A two-week long coronial inquest into a woman’s death in a prison in Queensland is expected to show shocking footage of her last moments, in which she repeatedly begged corrections officers for a puffer while she was restrained in a spit hood.
Selesa Tafaifa was 44-years-old when she died in Townsville Women’s Correctional Centre in November, 2021.
According to a Coroner’s Court document, body-worn cams and CCTV footage of the moments before her death “indicate” that Tafaifa died “following a prolonged period of physical restraint”, including “the application of handcuffs and the use of a spit hood” to cover her head, per ABC News.
A spit hood is a mesh sack-like covering that is pulled over prisoner’s heads, apparently to protect officers from spit (more on that later).
Tafaifa had significant health issues, including diabetes, schizoaffective disorder and asthma. Despite this, it took more than seven minutes for a medical assessment to be conducted after she first expressed she needed help.
Her family’s barrister Dan O’Gorman SC said the footage of her death “largely speaks for itself”.
“A mere five minutes and 30 seconds elapsed between the first use of physical force by officers against Selesa in the interview room to her appearing non-responsive on the floor of cell one,” O’Gorman told the court.
He said in those five minutes, Tafaifa “pleaded” for her puffer six times, and said “I can’t breathe” four times.
Tafaifa’s death has sparked calls to stop the use of spit hoods in prisons, on the grounds that they are dangerous for prisoners.
Queensland actually already stopped using spit hoods in police watch houses as of 2022, so it’s pretty weird that it didn’t extend this to its prisons.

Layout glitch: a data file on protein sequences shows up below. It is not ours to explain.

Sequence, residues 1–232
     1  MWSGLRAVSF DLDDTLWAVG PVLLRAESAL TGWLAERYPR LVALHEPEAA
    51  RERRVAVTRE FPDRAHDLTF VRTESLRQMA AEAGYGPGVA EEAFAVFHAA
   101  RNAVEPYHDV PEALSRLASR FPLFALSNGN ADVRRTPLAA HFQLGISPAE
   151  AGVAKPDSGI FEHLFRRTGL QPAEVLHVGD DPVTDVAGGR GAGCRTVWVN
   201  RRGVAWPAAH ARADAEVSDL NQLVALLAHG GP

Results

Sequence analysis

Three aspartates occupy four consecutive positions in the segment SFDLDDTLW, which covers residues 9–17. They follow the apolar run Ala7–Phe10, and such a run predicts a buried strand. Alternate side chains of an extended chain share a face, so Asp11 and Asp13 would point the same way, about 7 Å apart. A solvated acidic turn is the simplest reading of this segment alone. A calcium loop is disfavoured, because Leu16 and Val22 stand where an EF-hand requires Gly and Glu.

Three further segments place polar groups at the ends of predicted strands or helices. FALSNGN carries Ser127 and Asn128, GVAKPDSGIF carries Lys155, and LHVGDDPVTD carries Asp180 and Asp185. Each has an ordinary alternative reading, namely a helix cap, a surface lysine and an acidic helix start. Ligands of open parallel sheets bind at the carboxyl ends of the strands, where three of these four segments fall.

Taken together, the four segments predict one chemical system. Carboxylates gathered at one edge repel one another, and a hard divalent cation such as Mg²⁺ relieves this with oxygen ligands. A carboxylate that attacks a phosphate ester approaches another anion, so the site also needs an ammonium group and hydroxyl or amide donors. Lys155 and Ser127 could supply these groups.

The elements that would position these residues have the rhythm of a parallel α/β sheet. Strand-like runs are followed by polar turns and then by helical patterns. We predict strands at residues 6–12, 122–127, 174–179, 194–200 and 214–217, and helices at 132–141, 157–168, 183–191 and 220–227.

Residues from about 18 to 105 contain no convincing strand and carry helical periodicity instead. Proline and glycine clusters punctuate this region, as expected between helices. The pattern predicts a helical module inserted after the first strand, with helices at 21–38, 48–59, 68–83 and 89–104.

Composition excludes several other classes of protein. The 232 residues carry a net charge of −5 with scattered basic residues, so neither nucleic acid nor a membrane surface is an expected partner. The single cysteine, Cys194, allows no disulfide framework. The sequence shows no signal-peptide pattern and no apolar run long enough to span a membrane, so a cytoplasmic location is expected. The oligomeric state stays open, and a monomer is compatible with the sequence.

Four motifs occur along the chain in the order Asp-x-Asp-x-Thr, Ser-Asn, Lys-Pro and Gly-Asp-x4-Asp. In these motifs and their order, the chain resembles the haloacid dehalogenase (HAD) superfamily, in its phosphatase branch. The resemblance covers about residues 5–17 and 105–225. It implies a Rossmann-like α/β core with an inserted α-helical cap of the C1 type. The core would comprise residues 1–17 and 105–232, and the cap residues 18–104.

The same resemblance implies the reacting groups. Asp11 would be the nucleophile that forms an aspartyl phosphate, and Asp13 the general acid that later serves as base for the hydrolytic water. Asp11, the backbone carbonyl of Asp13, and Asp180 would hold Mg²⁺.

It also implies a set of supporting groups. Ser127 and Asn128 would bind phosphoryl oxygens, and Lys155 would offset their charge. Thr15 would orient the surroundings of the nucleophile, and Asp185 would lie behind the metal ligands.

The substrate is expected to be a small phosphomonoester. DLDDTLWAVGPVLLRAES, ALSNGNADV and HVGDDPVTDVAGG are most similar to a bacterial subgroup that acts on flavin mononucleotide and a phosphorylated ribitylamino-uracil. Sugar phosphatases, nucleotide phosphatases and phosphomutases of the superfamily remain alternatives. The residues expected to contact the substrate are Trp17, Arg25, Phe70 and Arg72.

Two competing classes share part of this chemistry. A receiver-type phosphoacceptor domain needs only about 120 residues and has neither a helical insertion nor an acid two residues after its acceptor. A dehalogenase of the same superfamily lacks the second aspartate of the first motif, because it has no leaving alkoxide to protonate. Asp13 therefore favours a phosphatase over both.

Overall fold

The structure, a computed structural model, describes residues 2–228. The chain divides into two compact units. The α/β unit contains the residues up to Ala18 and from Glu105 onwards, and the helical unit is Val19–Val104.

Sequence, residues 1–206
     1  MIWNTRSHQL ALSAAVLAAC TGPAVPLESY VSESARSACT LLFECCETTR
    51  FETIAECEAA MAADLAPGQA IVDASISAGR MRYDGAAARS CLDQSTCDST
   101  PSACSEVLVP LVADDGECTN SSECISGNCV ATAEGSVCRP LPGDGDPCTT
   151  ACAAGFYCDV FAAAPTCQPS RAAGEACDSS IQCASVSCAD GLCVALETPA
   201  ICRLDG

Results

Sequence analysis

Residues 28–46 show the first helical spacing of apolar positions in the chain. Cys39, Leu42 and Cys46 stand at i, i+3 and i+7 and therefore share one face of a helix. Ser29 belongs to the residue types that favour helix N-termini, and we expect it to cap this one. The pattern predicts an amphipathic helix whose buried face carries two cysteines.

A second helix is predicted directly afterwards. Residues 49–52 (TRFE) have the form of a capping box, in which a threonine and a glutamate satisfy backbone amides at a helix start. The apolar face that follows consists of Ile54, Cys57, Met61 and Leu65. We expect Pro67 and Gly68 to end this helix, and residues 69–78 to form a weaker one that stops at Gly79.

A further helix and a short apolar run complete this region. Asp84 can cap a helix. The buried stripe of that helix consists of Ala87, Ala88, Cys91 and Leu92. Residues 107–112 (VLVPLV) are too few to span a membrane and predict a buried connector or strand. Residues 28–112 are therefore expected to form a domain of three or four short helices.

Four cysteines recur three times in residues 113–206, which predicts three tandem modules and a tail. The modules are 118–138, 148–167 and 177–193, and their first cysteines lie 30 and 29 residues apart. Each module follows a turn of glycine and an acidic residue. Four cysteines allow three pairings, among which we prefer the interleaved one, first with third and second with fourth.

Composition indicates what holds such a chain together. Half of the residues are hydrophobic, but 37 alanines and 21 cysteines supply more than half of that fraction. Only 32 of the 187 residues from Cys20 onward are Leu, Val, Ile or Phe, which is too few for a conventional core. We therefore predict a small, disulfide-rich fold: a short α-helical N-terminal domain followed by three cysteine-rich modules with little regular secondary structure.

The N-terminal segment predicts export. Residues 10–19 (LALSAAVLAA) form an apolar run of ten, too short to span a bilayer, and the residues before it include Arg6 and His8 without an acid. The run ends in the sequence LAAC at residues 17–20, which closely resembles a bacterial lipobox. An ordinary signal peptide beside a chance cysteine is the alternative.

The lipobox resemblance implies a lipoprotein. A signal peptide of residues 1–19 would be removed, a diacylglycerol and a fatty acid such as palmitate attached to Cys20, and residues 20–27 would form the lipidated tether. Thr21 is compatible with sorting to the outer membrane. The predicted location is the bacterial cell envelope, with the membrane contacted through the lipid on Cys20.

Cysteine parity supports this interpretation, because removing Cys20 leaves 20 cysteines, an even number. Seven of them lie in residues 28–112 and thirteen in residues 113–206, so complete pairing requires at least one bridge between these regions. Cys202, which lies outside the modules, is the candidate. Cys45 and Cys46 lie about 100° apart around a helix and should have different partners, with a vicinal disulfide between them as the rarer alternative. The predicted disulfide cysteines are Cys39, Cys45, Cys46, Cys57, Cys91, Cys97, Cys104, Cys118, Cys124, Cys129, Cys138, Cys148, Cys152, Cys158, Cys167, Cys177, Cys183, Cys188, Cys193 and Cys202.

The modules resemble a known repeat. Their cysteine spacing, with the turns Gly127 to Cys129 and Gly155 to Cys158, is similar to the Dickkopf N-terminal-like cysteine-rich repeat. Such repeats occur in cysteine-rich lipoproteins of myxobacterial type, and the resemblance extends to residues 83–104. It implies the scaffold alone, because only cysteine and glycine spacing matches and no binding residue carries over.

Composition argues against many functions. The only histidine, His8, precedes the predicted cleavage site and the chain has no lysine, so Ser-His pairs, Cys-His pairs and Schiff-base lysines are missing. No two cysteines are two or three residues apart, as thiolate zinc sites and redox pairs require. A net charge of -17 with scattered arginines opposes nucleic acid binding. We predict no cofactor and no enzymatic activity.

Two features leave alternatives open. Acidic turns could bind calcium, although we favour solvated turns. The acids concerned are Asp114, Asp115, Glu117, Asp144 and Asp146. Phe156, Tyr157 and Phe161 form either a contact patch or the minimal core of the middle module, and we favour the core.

Even more concerningly, the use of spit hoods in Queensland prisons actually increased by at least 51 cases between the 2018-2019 financial year and the 2021-2022 financial year, the ABC reports — and in the 2021-2022 financial year, more than half the prisoners who were subjected to the hoods were Indigenous.
Mind you, these numbers are also likely underreported.
Debbie Kilroy, CEO of Sisters Inside (an organisation that supports criminalised women and girls), is a long time campaigner against the use of spit hoods, which she says cause “fear and terror” for women in prisons.
“We’ve seen a policy to abolish spit hoods in watch houses by the Police Commissioner,” she said per ABC News.
“However, we need that legislated by this government across the board so spit hoods aren’t used at all.”
Assistant branch secretary of the Together Union Michael Thomas reckons the spit hoods are necessary to protect officers, despite the risk they present to prisoners. Shocking. (Together Union is the union that covers state workers like corrections officers, and people who work for Queensland health, for example.)
“They are a protection from assault. Some prisoners have a tendency to spit and this is merely protecting officers from that,” he said, per ABC News.
“I know people talk about human rights and so forth, but everyone has a right to go to work and not be assaulted.
“That’s the rights of correctional officers that are doing a hard job in an overcrowded system where the number of assaults are on the rise.”
If someone begins a sentence with “human rights, BUT,” then you know the take is going to be cooked.
Debbie Kilroy reckons the solution to this apparent safety issue is pretty simple: corrections officers can just wear safety gear or PPE instead of forcing prisoners into glorified sacks.
Honestly, it’s shocking that isn’t already the practice — it’s less terrifying and restrictive for prisons, and safer for officers who then wouldn’t need to wrestle the hoods onto them.
The coronial inquest into Tafaifa’s death will last two weeks and is expected to interrogate the use of spit hoods, which are outlawed in South Australia.
They were also ditched by the Australian Federal Police earlier this year after they were deemed both dangerous for prisons, and also kind of useless at protecting officers anyway.